After standoff, Karzai opens newly assertive Afghan parliament

Afghanistan's President Karzai had tried to delay convening the new parliament until a special court finished investigating allegations of election fraud. His concession highlights the growing power of the legislative branch.

By , Staff writer

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    Afghan President Hamid Karzai speaks during a ceremony for newly elected members of parliament in Kabul, on Jan. 26. Karzai swore in the country's new parliament Wednesday in a ceremony that marked the end of a drawn-out battle over whether the lawmakers would be able to start work despite ongoing investigations into electoral fraud.
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President Hamid Karzai inaugurated Afghanistan’s newly elected parliament on Wednesday, a concession by him that adds weight to the increasingly assertive legislative branch.

Mr. Karzai had tried to delay the convening of the new parliament until a special court finished investigating allegations of election fraud. The victorious candidates – as of today, sitting parliamentarians – had argued the court was unconstitutional and that they would convene with or without the president’s blessing. Key international players appeared to back the new parliament, prompting Karzai to complain about “foreign hands” stoking the crisis.

Since Karzai’s fraud-marred reelection, lawmakers have successfully challenged more of his major decisions, holding out the prospect of diverse power centers competing inside the constitutional process, rather than just on the battlefield. Yet the parliament remains weak, and this particular standoff with Karzai may not be over.

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“There are so many issues not resolved: What will be the role of the special court, whether [its] decisions will be binding or not, and how to implement the decisions,” says Shahmahmood Miakhel, country director for the United States Institute of Peace in Kabul. “So we can not say this is the end of the story.”

Special deals with the special court?

Statements from Karzai indicate that he thinks a deal was struck with parliamentarians to allow the special court to continue its investigation and to abide by its findings, expected in February. But legislative leaders appear to be saying something different.

“There is no special agreement between MPs and President Karzai on the special court,” says Fawzia Kofi, a reelected MP from Badakhshan. “The agreement was that cases of criminal issues related to elections should be dealt according to the law – the Constitution, and electoral law, and the regular courts – not the special court.”

However, MPs have a certain amount of immunity under the law. Ms. Kofi says the immunity does not extend to “obvious crimes” like murder and bribes, but simply protects free speech. Mr. Miakhel, however, notes that the courts have to seek permission from the leadership of parliament before pursuing criminal cases against MPs.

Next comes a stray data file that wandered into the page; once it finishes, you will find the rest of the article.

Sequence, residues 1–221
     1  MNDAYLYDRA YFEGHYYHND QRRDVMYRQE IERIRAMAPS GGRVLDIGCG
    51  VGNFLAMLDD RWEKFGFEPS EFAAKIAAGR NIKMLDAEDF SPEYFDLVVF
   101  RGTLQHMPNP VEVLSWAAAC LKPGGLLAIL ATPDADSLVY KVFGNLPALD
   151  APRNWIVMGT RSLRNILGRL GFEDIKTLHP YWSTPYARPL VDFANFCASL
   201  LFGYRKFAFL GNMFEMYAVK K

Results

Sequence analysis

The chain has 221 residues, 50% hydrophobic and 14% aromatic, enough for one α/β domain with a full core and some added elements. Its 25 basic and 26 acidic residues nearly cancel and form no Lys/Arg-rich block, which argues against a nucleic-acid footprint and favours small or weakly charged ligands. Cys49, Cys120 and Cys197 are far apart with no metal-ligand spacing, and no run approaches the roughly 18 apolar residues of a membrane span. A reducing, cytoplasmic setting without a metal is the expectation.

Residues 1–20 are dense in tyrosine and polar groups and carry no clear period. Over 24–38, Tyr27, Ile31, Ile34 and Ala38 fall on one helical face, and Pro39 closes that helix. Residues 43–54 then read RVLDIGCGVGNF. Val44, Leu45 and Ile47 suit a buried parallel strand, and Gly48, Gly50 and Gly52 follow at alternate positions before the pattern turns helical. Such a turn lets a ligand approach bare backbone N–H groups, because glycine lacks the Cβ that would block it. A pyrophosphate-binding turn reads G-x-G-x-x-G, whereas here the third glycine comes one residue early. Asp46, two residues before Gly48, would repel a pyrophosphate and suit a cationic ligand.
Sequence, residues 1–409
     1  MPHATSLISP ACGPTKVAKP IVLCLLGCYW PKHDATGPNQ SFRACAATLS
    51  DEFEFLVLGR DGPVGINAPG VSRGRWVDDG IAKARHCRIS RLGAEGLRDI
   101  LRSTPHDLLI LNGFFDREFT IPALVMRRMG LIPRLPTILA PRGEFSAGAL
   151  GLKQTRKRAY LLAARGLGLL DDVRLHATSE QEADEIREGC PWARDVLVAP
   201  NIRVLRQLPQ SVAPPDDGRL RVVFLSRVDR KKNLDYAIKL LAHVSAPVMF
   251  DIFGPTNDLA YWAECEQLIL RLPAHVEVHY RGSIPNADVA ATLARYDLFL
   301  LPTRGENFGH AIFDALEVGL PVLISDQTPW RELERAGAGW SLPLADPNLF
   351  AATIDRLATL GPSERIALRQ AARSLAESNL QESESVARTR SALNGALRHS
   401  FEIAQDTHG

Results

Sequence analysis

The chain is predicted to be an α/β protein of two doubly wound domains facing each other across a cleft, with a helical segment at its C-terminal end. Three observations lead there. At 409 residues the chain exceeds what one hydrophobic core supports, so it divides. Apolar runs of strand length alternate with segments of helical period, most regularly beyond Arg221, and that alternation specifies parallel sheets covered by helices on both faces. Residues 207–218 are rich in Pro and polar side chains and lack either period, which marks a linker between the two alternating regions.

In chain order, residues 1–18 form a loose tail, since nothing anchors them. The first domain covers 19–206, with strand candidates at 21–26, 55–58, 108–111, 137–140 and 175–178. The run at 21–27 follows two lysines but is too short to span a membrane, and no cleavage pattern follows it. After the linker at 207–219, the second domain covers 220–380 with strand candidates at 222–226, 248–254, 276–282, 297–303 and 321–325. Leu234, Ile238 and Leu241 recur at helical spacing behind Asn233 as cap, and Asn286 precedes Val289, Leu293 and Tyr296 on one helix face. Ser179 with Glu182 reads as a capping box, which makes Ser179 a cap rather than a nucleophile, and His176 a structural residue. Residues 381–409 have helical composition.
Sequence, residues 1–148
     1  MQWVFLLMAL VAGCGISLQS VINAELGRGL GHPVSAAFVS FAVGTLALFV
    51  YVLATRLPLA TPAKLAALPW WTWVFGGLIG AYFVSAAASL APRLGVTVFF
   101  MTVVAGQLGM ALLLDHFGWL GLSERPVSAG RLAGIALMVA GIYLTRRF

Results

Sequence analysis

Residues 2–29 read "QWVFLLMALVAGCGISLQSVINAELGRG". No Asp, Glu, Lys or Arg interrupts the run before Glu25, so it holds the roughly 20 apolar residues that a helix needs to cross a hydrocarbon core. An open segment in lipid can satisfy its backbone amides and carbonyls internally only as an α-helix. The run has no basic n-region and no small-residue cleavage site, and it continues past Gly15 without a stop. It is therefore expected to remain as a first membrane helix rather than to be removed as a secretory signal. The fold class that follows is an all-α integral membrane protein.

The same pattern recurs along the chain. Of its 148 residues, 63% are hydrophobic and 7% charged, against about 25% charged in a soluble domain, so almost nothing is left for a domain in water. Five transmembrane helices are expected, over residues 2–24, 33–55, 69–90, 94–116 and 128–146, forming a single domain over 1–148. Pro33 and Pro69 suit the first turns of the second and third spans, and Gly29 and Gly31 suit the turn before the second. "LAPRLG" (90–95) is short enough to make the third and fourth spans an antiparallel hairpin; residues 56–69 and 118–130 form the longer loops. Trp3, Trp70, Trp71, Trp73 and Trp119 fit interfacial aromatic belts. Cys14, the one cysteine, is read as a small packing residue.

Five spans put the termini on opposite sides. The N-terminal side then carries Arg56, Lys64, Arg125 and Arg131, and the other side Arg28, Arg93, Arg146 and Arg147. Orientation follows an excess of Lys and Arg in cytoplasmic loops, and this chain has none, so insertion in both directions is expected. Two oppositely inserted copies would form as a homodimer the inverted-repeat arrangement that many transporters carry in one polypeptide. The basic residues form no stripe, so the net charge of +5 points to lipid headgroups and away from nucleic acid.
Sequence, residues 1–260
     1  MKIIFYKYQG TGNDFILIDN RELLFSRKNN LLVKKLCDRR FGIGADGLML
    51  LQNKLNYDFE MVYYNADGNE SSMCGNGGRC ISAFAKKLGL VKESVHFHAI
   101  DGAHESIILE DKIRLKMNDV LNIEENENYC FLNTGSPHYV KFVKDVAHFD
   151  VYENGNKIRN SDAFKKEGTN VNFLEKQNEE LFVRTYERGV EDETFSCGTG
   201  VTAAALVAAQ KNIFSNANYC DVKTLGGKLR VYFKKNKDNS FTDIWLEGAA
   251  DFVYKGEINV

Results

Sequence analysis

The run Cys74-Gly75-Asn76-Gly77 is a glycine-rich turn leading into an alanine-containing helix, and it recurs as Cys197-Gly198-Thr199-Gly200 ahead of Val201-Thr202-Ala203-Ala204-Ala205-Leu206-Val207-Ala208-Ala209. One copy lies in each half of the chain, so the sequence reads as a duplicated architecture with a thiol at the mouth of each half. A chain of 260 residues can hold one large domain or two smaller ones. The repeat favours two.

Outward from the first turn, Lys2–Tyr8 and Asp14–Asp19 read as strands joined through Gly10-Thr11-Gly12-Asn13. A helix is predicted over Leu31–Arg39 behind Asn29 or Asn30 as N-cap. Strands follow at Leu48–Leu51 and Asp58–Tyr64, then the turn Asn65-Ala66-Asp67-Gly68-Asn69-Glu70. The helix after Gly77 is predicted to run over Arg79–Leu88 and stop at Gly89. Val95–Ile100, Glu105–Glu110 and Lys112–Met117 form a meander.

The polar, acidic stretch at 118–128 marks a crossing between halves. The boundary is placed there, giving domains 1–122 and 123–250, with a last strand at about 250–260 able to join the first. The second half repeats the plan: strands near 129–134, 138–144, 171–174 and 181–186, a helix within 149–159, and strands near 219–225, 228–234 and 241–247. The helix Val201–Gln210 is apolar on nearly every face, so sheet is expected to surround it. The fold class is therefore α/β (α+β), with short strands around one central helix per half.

Kofi says she expects that the new parliament will vote quickly to abolish the special court. The court was appointed by the Supreme Court, a body widely seen as beholden to Karzai. Parliamentarians have also noted that the group tasked under law to address election violations – the Electoral Complaints Commission (ECC) – has already passed judgment on the 2,648 top priority complaints.

But roughly 200 losing candidates have kept up steady protests of the official election results certified by the Independent Election Commission (IEC) and have pinned their hopes on the special court.

Stronger opposition presence in parliament

Research on the winning candidates conducted by the Kabul Center for Strategic Studies found that “as a result of strict control, monitoring, and observation of IEC and ECC, the government was not able to bring many pro-government candidates.” Instead, opposition groups now have a stronger presence in this parliament than in the previous one.

But the center’s director, Waliullah Rahmani, cautions that “it doesn’t mean that we will have a stronger opposition group inside the parliament. [The] study shows that these groups and figures are fragmented.”

The study found that 51 percent of the new parliamentarians are “independent,” a group that Karzai’s government might find easier to sway. The lack of strong political parties has left a high number of independents and little cohesion among lawmakers, rendering the parliament generally weak.

The largest ethnic group, Pashtuns, won 96 out of the 249 seats – a proportion slightly lower than some demographic estimates would predict if voting followed purely ethnic lines. The Hazara minority group punched far above its weight, winning 61 seats.

This was dramatically demonstrated in Ghazni Province, which is split demographically between Pashtuns and minority groups, but which sent all Hazaras and no Pashtuns to parliament this time. The most visible leader of the 200 losing candidates, Daoud Sultanzai, hails from Ghazni.

Parliament’s ethnic proportions have made some Afghans like Karzai nervous about further alienation of Pashtuns, the core group from which the insurgency draws its ranks. But others like Mr. Rahmani point out that those who peacefully participate in the democratic process should reap some benefits.

“This is what we can call a reward for democracy. I believe Pashtuns will understand that when there is high turnout, then they can get the reward, like what the Hazaras did in Afghanistan,” says Rahmani, who is a Hazara and whose brother won a seat in parliament from Ghazni Province.

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